Spear damage in asparagus can be caused by diseases such as Phytophthora spear and crown rot and purple spot. However, other environmental factors during the spring can damage spears as they emerge from the soil.
|Freeze Injury – About 10 days ago temperatures dipped well below freezing for a night or two, and combined with the higher than normal temperature this spring, some asparagus fields that had already started to produce spears were hit with injury. Affected spears will be bent/distorted and begin to breakdown and rot (Fig. 1a).
Cutting frozen spears will show the discoloration of the spear caused by the freeze (Fig. 1b).
|Wind – Periods of heavy winds during emergence will cause spears to bend.Winds can cause one side of the spear to dry out quicker than the other causing the spear to bend and point in the direction of the prevailing wind. An asparagus planting is suffering from wind damage if most of the bent spear heads in the bed are pointing in the same direction (Fig.2).|
|Stones/Rocky Soils – Asparagus grown in stony/rocky soils can suffer mechanical damage as spears emerge from the soil.Stones can cause mechanical abrasions on spears damaging epidermal cell layers as spears emerge from the soil. Spears with mechanical injury such as this will become bent or contorted with severe bends and may also develop loops as the side of the spear that was undamaged continues to develop (Fig. 3).|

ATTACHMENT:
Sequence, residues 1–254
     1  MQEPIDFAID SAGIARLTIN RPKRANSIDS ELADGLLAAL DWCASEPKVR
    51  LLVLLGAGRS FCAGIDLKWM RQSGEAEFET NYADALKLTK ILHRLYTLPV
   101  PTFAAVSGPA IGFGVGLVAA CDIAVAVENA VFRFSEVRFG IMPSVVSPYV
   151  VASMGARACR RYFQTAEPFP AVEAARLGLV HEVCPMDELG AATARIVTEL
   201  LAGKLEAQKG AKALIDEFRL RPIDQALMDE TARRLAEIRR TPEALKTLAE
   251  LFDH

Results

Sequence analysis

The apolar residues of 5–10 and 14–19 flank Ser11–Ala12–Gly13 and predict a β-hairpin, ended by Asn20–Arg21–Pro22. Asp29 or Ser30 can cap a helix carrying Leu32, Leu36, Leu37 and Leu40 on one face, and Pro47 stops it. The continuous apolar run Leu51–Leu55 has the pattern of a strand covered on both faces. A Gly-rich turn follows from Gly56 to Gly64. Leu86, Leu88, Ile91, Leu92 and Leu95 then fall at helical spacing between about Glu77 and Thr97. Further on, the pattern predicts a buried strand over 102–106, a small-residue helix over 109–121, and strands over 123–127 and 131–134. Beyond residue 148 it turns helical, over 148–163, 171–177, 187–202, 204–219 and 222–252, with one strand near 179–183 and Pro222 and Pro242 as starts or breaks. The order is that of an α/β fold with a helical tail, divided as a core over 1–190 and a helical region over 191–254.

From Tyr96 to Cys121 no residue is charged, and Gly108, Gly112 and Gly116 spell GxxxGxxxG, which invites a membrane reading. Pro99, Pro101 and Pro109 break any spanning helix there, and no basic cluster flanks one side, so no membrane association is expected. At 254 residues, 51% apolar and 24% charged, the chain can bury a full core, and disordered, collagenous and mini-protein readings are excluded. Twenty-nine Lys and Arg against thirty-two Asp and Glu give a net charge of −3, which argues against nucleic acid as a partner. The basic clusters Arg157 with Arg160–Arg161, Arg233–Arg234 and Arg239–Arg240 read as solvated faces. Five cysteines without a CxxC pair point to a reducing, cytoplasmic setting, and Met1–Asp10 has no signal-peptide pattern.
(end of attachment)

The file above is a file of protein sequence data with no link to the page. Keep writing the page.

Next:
|Other Causes – Spear damage can also result from feeding injury caused by cutworms, slugs and other insects. Insect feeding on one side of the spear will reduce the growth rate on the damaged side and causes spears to curve as the healthy side of the spear continues to develop.Occasionally curved or misshapen spears are observed with no apparent mechanical injury, insect feeding or disease. This damage may be due to unseen injury to the crown by cutting knives, crown rotting pathogens, or environmental stress such as overcutting (Fig.4).|